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History in Focus

the guide to historical resources • Issue 9: The Sea •

The Sea

Book cover for 'Canada and the North Pacific. Maritime Enterprise and Dominion, 1778–1914'

Author's response


Canada and the North Pacific. Maritime Enterprise and Dominion, 1778–1914

Barry M. Gough
ISBN: 086078939X, pp. xviii + 308, 2004

Jane Samson

Dr Samson wishes to know if Gerald Graham's dismaying suggestion that the Pacific Ocean would not be a suitable subject for PhD dissertation research had been the reason for my lifelong work to give strength and support for the subject of my research. I am sorry to give an equally dismaying report that, no, that was not the case. But I had to prove to the great man that the project was worthwhile. Once on to the subject of the Royal Navy and the Pacific I had his every blessing and support and his avuncular guidance. He was very much a hands-on supervisor, as well as a powerful force in the History Faculty of the University of London. Yes, I found Harlow's book an inspiration. That subject – of the growth of empire, mainly oceanic (trade and naval bases) – had been very much ignored by historians, save for C. Northcote Parkinson and a few who had dabbled in Royal Navy history in British Columbia, notably F. Longstaff and W. Kaye Lamb, co-authors in a double article in the old British Columbia Historical Quarterly. (1) The Archivist of the Province of British Columbia, Willard Ireland, provided the basis for the theoretical work of my first book, based on my dissertation. (2) After that, and my preliminary trawl through all the Pacific Station records of the Royal Navy (noted by Dr Samson) it was a very big field before me.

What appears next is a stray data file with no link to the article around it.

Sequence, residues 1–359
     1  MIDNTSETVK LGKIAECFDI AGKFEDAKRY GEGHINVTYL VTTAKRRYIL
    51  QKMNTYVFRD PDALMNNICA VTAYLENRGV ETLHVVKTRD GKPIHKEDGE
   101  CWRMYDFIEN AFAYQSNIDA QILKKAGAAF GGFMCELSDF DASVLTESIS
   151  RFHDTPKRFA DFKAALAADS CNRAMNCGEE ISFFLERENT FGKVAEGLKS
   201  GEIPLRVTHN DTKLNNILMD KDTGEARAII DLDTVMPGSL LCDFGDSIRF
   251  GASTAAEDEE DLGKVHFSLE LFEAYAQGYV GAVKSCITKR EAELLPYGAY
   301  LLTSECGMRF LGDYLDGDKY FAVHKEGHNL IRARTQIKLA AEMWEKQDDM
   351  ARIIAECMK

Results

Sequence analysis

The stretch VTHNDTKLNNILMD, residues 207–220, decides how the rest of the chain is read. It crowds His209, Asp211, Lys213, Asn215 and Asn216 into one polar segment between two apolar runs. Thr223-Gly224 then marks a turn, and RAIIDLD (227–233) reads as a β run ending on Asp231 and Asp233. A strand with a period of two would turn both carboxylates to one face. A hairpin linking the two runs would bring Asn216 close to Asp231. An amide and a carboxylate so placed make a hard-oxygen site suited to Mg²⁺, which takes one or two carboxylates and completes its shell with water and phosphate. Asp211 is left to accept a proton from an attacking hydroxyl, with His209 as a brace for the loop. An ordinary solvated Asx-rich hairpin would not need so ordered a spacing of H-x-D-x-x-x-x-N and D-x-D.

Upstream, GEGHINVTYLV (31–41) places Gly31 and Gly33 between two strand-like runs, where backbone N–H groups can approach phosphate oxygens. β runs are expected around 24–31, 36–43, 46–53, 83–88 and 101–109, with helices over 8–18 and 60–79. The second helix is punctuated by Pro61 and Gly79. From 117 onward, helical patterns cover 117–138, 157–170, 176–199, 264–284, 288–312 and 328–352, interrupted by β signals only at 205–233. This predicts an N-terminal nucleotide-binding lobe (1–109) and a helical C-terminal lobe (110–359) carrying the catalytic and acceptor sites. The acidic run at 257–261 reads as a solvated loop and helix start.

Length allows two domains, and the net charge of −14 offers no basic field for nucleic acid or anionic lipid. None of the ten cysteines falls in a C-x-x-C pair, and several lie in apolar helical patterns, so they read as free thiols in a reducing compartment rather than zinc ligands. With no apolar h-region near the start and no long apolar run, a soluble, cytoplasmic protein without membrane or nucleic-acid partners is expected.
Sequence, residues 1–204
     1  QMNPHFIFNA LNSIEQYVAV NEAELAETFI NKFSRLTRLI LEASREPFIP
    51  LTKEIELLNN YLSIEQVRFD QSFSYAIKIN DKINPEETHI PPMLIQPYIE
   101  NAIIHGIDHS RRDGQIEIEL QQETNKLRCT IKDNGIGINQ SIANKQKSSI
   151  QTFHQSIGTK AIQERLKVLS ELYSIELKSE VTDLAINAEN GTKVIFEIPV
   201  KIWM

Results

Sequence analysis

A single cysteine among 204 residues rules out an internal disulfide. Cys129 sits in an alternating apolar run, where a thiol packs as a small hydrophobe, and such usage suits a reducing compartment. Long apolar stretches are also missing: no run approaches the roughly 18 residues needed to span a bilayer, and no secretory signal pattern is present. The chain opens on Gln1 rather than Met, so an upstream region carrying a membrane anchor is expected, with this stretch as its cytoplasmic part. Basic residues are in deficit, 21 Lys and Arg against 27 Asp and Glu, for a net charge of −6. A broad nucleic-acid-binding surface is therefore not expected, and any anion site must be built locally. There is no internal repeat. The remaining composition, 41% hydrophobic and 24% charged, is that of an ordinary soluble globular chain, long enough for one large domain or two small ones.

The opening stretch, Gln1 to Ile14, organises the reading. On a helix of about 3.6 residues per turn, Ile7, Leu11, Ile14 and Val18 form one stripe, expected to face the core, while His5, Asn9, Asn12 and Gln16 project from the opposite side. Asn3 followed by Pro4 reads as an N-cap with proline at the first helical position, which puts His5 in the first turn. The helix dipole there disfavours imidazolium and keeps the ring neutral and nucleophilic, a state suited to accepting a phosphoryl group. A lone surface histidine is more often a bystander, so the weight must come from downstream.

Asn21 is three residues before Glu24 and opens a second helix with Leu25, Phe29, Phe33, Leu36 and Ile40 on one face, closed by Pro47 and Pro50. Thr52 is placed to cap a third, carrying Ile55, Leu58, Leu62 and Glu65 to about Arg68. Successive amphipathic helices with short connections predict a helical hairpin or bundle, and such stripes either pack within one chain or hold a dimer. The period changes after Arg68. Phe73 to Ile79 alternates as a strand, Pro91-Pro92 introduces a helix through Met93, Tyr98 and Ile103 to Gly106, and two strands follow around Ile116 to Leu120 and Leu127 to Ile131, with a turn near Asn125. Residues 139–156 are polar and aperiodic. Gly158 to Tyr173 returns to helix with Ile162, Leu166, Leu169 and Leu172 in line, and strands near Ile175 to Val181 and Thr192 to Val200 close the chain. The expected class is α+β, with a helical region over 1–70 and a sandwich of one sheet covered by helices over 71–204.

I kept the introduction within the bounds of brevity required by my publisher, not wanting to take on the whole historical profession in a discursive discussion about History.

I should make clear that it was economic history, and more correctly, economic forces that I was first attracted to. This had been the subject of my MA thesis on British commercial pressure groups and the making of the Treaty of Paris, 1763. I still argue that commerce drives policy, and that profit and power are inextricably related. Thus my study of how the Royal Navy became the Wells Fargo of the sea, freighting silver bullion out of Mexican ports in the nineteenth century is a case in point. The same is true of my study of Meares Island, British Columbia, where sea otter traders and later timber interests changed the character of the islands and mainland, and with rapacious effect altered not only the landscape but more importantly the habitat of the aboriginal people. These are ongoing subjects of my research.

It could be that I have been driven to these various projects and sub-projects by the wealth of material that my preliminary survey uncovered. It has been a splendid tyranny. It is good that some of these articles and papers have been brought together between the covers of a book. There are no ghosts lurking on the outside of the margins of my work, only bright lights leading me forward through the arcane files of Admiralty, colonial, legal and anthropological files and other data.


1. C. Northcote Parkinson, War in the Eastern Seas, 1793–1815 (1954); F. V. Longstaff and W. Kaye Lamb, 'The Royal Navy on the Northwest Coast, 1813–1850', British Columbia Historical Quarterly, 9 (1945), 1–24, 113–28.

2. Willard E. Ireland, 'Pre-Confederation Defence Problems of the Pacific Colonies', Canadian Historical Association, Annual Report, 1941 (Toronto, 1941), 41–54.

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